A Republican-controlled state Senate committee spiked a bill Wednesday that was meant to spark a broad conversation about the future of Colorado’s public schools.
Some lawmakers hoped House Bill 1287 would help sell voters on raising taxes to better fund the state’s schools. But the Senate State, Military and Veterans Affairs committee voted 3-2 along party lines to kill the legislation, which would have created a series of committees to examine the state’s education laws and make recommendations for changing them.
Republicans objected to the bill because they didn’t want to create more bureaucracy, and they thought it was a ploy to raise taxes.
The bill’s demise was a defeat for a group of the state’s most authoritative lawmakers on education policy. It was one of the top legislative priorities for state Reps. Millie Hamner, a Dillon Democrat, and Bob Rankin, a Carbondale Republican. Both serve of the state’s budget committee and rallied lawmakers around the bill.
Rankin called the bill the most important of his legislative career.
“I’m bitterly disappointed, although it was expected,” he said. “I certainly don’t intend to give up. We’ve worked for over three years to move this idea forward. We thought we built a bipartisan coalition that was interested and wanted to help. We thought we were making really good progress.”
Hamner also expressed dismay over the bill’s death.
“To die quietly like that in Senate was really, really surprising and disappointing,” Hamner said. “Do we still have a need to establish a vision for the future of our kids? Yes. Apparently we’re going to have to do that without our Senate majority.”
Last-minute amendments brought by state Sen. Kevin Priola, a Henderson Republican, to address Senate GOP leadership’s concerns could not save the bill.
Supporters of the bill said the legislature needed to step in to help rethink Colorado’s education landscape holistically, not with piecemeal legislation. The state’s laws are outdated and clash with 21st century expectations, they said at Wednesday’s hearing.
“Our current collection of policies and laws have failed to keep pace with changes in expectations of our education system,” said Mark Sass, a Broomfield high school teacher and state director of a teacher fellowship program, Teach Plus. “We need a deliberate and collaborative conversation in our state, as to our vision of education.”
State Sen. Owen Hill, a Republican from Colorado Springs, said he supported the goal of the bill. His name was listed as a sponsor when the bill was first introduced. But he said he eventually concluded the bill was the wrong approach.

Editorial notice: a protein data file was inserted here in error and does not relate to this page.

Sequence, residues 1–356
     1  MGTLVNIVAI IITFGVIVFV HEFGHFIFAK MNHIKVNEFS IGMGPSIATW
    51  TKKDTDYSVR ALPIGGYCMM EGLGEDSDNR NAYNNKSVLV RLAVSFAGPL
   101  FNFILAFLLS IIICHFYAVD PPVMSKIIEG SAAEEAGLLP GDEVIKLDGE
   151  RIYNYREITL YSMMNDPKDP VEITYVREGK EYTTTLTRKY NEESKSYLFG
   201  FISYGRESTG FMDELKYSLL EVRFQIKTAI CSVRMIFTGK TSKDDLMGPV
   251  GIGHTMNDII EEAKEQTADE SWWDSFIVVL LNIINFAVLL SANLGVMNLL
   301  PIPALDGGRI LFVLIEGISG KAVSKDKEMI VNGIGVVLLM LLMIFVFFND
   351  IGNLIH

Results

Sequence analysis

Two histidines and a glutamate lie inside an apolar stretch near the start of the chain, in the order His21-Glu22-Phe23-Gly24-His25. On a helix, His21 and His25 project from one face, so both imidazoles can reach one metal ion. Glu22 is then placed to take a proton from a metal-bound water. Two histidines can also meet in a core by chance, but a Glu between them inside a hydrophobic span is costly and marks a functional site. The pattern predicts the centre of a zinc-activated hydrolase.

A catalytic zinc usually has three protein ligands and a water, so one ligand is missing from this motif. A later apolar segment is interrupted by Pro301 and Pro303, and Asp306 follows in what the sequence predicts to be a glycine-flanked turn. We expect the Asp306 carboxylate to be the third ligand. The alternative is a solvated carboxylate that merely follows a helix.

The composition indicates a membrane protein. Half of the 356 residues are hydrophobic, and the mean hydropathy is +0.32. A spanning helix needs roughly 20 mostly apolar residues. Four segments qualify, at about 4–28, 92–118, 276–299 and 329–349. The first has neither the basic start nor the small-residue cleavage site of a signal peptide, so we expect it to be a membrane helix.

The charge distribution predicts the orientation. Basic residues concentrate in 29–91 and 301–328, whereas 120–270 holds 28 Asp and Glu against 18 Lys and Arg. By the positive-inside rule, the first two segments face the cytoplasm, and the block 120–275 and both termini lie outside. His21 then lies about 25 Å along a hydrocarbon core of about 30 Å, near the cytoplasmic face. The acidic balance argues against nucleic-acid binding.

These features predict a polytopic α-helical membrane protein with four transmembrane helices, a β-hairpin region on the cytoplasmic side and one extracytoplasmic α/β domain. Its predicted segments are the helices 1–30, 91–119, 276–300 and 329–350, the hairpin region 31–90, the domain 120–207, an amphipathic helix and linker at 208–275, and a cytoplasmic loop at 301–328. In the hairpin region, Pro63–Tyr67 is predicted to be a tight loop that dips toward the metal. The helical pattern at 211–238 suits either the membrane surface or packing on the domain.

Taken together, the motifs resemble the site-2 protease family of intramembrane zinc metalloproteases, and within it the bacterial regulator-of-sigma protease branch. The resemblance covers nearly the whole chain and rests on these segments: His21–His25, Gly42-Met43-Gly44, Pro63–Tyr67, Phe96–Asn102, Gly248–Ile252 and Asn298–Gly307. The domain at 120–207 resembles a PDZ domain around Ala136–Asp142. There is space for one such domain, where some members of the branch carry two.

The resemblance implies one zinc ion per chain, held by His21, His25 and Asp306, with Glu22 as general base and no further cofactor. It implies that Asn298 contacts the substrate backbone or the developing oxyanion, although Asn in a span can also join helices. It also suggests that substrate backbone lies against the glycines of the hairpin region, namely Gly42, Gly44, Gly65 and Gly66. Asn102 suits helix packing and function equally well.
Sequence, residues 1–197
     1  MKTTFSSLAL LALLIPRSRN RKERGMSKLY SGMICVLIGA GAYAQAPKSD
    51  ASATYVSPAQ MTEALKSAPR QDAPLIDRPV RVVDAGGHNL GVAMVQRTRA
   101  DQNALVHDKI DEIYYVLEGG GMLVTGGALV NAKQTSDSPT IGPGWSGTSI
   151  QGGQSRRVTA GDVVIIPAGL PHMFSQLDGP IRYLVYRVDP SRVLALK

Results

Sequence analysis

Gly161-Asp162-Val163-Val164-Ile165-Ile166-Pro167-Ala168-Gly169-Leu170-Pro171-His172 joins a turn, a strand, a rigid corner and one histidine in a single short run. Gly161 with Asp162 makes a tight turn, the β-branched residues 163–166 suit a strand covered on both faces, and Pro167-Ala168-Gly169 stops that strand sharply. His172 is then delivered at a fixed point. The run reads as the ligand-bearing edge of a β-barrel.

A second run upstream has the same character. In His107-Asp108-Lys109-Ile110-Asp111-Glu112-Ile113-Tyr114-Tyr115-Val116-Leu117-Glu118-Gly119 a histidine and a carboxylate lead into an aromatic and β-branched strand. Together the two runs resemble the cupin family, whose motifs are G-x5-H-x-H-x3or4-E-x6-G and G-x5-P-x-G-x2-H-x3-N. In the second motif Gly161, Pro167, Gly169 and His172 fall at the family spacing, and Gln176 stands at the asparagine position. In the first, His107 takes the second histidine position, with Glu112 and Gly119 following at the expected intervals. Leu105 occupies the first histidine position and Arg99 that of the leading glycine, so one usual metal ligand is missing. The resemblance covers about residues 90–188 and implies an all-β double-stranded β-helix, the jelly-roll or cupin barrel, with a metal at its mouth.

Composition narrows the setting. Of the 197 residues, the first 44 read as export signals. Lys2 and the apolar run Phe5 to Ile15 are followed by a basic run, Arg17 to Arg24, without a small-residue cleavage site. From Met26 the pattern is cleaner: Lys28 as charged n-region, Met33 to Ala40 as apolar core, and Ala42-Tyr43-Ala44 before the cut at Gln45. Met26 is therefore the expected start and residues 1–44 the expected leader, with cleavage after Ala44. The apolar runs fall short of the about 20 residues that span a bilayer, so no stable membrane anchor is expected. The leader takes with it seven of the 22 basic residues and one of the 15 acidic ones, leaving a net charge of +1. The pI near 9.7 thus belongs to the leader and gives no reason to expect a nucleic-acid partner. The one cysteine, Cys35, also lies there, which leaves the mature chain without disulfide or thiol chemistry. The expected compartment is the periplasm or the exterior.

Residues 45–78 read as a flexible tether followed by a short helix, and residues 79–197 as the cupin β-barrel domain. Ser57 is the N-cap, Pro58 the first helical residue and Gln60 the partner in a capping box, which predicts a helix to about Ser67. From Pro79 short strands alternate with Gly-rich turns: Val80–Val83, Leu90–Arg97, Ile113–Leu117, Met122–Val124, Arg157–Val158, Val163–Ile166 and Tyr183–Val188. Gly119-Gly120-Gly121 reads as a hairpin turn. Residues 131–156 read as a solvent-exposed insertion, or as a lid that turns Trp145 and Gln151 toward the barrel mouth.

“I’m not sure this is the solution to get us there,” he said. “It’s time for us to take a bottom up approach. I get nervous about standing up and staffing and financing another government program.”
After the committee hearing, Sass said Republican lawmakers failed to realize their unique role in Colorado shaping statewide education policy. The state’s constitution gives no authority to the governor, the education commissioner or the State Board of Education to create a strategic plan.
“We need someone to drive this conversation,” he said. “If the legislature won’t, who will?”
Priola said in an interview that he had hoped for more time to lobby Senate leadership and members of the committee. Instead, he said he’d try again next year.
“We live in a state with 178 school districts and thousands of schools,” he said. “There can’t be one way of doing things, but there also can’t be 1,000. There has to be some commonality on what we’re doing and what direction we’re heading.”
Rankin was less committed in trying again next year.
“I want to think about,” he said. “I don’t think this elected, term-limited legislature with the background they come from can develop the kind of leadership needed for this movement.”
The death of House Bill 1287 puts another bipartisan piece of legislation on shaky ground.
House Bill 1340, sponsored by state Reps. Alec Garnett, a Denver Democrat, and Paul Lundeen, a Monument Republican, would create a committee of lawmakers to study and make changes to the way Colorado funds its schools.
The state House of Representatives was expected to hold its final vote on that bill Wednesday morning. But Democratic leadership pushed the vote by a day.
Some Democrats in the House saw the two bills as a package, while Republicans in the Senate saw them as competing. With partisan rancor flaring in the waning days of the session, House Democrats could return the favor and kill the finance study bill.
Rankin, the House Republican, said he hoped his chamber’s leadership would let the finance study bill move forward. He introduced a similar bill two years ago but was unable to get the bill through the legislative process.
“I think it’s a good idea to take a hard look at school finance. Maybe we can get some dialogue going,” he said, adding that he believes lawmakers still need to think about a strategic plan for its schools.
Hamner, the House Democrat, said she also supported the finance study.
“I think their bill will be just fine,” she said. “Unless the Senate decides to kill it in State Affairs.”